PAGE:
http://www.politico.com/story/2007/04/questions-that-kill-candidates-careers-003617

https://almostdailybrett.wordpress.com/2013/12/26/506-f-bombs/

http://www.census.gov/

http://www.cnn.com/2016/04/29/politics/donald-trump-protests-republican-convention-california/

http://hosted2.ap.org/APDEFAULT/386c25518f464186bf7a2ac026580ce7/Article_2016-04-29-US–Trump%20Rally-Protests/id-3d26c5d9dc7441b3b9e1ce8fc898e736

 

 

 

 

 

 

“We had an enormous, world-historic campaign catastrophe.” Matt Bennett, former Michael Dukakis presidential campaign volunteer

I didn’t give it another thought.” – Former Massachusetts Governor Michael Dukakis.

You don’t put stuff on your head if you’re president. That’s Politics 101.” – President Barack Obama

Does anybody remember Michael Dukakis wearing a combat helmet, riding around in an M1A1-Abrahms Main Battle tank in September 1988, to prove he was tough enough for the presidency?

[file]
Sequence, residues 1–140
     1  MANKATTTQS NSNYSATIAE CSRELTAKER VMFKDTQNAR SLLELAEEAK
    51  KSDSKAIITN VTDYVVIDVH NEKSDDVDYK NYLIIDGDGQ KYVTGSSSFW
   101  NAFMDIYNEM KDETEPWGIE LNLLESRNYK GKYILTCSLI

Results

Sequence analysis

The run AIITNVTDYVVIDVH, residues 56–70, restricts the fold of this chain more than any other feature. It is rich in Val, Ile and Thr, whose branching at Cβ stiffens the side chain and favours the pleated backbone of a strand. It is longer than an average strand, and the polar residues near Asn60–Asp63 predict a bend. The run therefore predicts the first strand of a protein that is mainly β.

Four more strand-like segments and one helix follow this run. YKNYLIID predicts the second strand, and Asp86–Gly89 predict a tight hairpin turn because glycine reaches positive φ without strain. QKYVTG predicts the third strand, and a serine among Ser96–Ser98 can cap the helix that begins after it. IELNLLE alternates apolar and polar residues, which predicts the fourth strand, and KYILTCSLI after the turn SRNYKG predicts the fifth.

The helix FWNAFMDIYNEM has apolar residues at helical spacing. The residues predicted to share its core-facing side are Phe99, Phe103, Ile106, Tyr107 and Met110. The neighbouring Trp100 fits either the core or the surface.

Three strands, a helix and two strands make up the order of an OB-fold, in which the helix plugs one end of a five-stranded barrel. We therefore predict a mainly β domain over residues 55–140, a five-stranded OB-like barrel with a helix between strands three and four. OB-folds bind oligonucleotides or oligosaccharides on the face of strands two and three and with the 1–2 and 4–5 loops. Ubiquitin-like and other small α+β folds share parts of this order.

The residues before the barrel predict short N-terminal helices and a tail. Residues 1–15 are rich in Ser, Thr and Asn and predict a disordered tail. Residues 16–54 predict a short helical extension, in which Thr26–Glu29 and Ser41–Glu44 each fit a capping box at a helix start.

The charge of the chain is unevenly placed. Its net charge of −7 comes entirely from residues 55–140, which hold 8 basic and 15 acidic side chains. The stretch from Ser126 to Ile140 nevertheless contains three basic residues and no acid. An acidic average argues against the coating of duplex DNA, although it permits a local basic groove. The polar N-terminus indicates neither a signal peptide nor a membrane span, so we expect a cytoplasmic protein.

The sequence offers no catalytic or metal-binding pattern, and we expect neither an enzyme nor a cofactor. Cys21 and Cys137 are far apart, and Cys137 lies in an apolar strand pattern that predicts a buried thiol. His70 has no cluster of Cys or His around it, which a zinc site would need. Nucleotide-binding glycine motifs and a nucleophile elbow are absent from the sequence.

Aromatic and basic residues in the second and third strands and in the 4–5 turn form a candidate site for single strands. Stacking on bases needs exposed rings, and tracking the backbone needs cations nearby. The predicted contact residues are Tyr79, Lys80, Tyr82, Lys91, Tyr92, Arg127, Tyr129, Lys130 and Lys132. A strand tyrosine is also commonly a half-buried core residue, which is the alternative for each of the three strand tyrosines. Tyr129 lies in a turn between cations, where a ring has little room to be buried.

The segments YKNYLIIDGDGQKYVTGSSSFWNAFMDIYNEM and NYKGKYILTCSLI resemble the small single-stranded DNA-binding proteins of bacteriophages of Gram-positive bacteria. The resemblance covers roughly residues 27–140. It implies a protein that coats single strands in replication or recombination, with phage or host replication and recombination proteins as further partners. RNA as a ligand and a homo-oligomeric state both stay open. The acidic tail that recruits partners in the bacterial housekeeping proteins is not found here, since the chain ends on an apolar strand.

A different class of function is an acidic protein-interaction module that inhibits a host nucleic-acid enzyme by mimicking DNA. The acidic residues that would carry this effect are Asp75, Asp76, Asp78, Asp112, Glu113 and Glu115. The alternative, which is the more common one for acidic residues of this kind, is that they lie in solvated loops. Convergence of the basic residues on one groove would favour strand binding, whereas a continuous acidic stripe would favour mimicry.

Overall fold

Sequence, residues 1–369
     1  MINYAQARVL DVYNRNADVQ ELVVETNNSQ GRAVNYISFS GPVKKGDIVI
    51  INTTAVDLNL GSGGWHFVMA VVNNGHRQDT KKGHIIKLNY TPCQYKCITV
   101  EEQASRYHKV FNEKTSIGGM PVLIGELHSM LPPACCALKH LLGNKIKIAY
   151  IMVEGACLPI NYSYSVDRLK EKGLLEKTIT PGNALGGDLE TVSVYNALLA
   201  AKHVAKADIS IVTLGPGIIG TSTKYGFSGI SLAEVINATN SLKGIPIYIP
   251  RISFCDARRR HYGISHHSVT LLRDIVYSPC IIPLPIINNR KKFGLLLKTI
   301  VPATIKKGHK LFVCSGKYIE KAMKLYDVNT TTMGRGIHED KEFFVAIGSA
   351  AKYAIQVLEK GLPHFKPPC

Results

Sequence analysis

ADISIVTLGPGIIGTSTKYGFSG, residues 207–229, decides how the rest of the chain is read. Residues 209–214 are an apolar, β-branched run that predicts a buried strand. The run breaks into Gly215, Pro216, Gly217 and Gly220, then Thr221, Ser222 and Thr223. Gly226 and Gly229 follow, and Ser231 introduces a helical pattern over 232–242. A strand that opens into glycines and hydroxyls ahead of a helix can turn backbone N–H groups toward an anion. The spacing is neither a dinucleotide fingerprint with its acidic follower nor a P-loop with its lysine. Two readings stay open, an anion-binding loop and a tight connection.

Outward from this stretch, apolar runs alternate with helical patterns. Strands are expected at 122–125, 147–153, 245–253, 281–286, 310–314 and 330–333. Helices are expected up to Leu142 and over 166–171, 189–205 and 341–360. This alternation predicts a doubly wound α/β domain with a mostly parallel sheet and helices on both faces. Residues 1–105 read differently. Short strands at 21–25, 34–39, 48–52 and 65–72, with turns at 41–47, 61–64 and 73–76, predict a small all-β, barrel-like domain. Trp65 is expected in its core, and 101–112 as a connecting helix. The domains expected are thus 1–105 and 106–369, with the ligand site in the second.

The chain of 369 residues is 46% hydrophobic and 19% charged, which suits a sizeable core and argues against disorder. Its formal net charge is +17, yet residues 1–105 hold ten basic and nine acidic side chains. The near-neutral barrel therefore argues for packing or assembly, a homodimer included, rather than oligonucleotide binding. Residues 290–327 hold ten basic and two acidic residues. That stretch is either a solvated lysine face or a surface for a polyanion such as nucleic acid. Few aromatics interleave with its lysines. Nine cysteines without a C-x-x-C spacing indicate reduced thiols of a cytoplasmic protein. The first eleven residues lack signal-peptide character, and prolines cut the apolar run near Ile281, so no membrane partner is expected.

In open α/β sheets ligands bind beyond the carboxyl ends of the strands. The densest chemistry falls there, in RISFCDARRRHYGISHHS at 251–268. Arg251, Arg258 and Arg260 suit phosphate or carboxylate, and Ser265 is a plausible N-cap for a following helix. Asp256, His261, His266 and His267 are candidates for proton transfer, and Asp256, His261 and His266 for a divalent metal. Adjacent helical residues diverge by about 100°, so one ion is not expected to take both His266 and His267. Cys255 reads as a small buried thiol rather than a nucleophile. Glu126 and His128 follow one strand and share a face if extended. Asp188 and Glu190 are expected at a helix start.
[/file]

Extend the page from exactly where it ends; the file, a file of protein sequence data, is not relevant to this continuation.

**FOR USE WITH AP LIFESTYLES** **FILE*** This Sept. 13, 1988 file photo shows Democratic Presidential candidate Michael Dukakis as he gets a free ride in one of General Dynamics' new M1-A-1 battle tanks at its land systems division in Sterling Heights, Mich. (AP Photo/Michael E. Samojeden, FILE)

**FOR USE WITH AP LIFESTYLES** **FILE*** This Sept. 13, 1988 file photo shows Democratic Presidential candidate Michael Dukakis as he gets a free ride in one of General Dynamics’ new M1-A-1 battle tanks at its land systems division in Sterling Heights, Mich. (AP Photo/Michael E. Samojeden, FILE)

He just didn’t look right in the way-too-big battle helmet for a candidate who was a little guy … literally.